Returning to the US​

Upon returning to the United States after studying abroad, you may experience what is known as "Return Culture Shock," or the process of adjusting to life after studying abroad and the range of emotions that accompanies it.

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Some studies have shown that the more adapted students were to their host country, the more difficult the adaptation process in their home country became for them.

This happens because the values, attitudes, ideas, habits, and opinions of oneself and the United States have changed, and these changes must be facilitated upon returning home. 

In other words, you may not be the same person as when you left the United States, and you may not be aware of how much you have changed until you return home.

Just as there are phases to the "Culture Shock," there are also phases during "Return Culture Shock," known as "The Boomerang Effect." Students may experience the following phases to varying degrees and not necessarily in this order: 

This phase begins before you leave Spain, while you begin to prepare for your return home. The emotions you may be feeling are reluctance to leave Spain, missing friends, or perhaps you haven't had time to reflect on your experiences and emotions because the last few days have been quite hectic

This phase usually begins shortly after departure and is characterized by emotions of excitement and anticipation of returning home. The length of this stage can vary, and soon after you will realize that most people were not as interested in your experiences abroad as you expected.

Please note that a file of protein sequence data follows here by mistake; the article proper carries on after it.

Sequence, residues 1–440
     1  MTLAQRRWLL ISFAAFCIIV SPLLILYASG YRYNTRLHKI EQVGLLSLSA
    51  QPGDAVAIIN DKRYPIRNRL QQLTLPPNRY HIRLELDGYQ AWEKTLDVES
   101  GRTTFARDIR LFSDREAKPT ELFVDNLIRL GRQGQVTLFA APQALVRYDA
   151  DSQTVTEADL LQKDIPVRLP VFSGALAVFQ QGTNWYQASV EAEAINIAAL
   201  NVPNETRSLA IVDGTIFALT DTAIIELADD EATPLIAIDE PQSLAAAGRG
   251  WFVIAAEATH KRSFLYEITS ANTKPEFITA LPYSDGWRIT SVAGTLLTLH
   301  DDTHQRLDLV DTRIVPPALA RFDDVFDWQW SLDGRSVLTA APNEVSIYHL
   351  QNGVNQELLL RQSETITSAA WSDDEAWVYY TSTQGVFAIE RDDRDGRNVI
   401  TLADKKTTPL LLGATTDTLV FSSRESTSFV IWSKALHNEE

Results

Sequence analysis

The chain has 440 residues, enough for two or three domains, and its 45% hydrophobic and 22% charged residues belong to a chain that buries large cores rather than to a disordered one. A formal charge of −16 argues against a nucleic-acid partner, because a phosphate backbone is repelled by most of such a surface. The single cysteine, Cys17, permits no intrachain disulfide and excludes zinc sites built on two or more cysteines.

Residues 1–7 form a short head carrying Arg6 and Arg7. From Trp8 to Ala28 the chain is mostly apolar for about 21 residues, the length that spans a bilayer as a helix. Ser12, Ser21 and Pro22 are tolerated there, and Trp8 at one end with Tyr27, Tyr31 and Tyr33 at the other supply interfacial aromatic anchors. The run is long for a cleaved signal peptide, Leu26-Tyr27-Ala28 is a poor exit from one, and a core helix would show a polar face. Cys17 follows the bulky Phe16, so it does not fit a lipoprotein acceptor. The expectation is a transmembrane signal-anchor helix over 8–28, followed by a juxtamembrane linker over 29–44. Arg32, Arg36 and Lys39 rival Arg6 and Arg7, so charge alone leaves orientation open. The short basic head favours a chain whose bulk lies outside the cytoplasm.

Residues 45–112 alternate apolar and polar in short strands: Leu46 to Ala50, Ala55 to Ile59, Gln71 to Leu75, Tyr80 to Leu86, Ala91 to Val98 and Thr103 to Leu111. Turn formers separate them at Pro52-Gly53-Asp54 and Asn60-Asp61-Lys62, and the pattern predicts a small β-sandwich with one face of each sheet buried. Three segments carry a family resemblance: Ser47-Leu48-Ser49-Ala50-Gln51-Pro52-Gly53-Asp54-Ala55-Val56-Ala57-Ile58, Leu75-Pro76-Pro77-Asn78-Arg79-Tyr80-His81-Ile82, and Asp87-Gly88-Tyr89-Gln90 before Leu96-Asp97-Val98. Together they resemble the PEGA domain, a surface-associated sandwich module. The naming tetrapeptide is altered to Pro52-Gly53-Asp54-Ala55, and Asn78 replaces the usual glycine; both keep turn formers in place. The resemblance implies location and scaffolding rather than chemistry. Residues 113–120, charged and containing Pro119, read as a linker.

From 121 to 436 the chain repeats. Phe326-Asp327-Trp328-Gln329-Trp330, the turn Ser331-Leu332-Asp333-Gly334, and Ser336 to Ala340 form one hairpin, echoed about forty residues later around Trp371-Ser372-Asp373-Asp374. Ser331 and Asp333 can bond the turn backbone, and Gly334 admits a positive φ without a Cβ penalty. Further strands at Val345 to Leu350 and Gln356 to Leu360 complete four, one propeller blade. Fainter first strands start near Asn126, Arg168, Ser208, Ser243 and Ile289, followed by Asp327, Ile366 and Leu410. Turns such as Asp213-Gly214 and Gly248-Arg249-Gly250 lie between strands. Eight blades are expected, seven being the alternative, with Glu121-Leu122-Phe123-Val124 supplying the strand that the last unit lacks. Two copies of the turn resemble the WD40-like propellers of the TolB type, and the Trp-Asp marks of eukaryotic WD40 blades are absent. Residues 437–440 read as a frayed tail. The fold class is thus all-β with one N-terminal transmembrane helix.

Perhaps you feel emotions of frustration, anger, loneliness, helplessness, and/or alienation and you don't know why. Perhaps you are critical of the United States, feel like a foreigner in your own home, or experience a desire to return abroad.

Most people go through this phase. This is a gradual readjustment to life at home. You return to your routine life. The most important thing is to try to incorporate the positive aspects of your international experience into your life in the United States now.

Integrate your experience

We propose some ways that you can integrate your experiences back at home:

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Get involved on campus. 

Take language classes, lead conversation classes, mentor international students, add a major or minor, get involved in the international education office at your university.

Make plans to return abroad through another study abroad program or do some independent travel. 

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Intern, teach or work abroad.

Read news from foreign virtual sources and attend foreign cultural events and celebrations.

This is not a unique list. There are many other ways to incorporate your experience abroad. Be creative!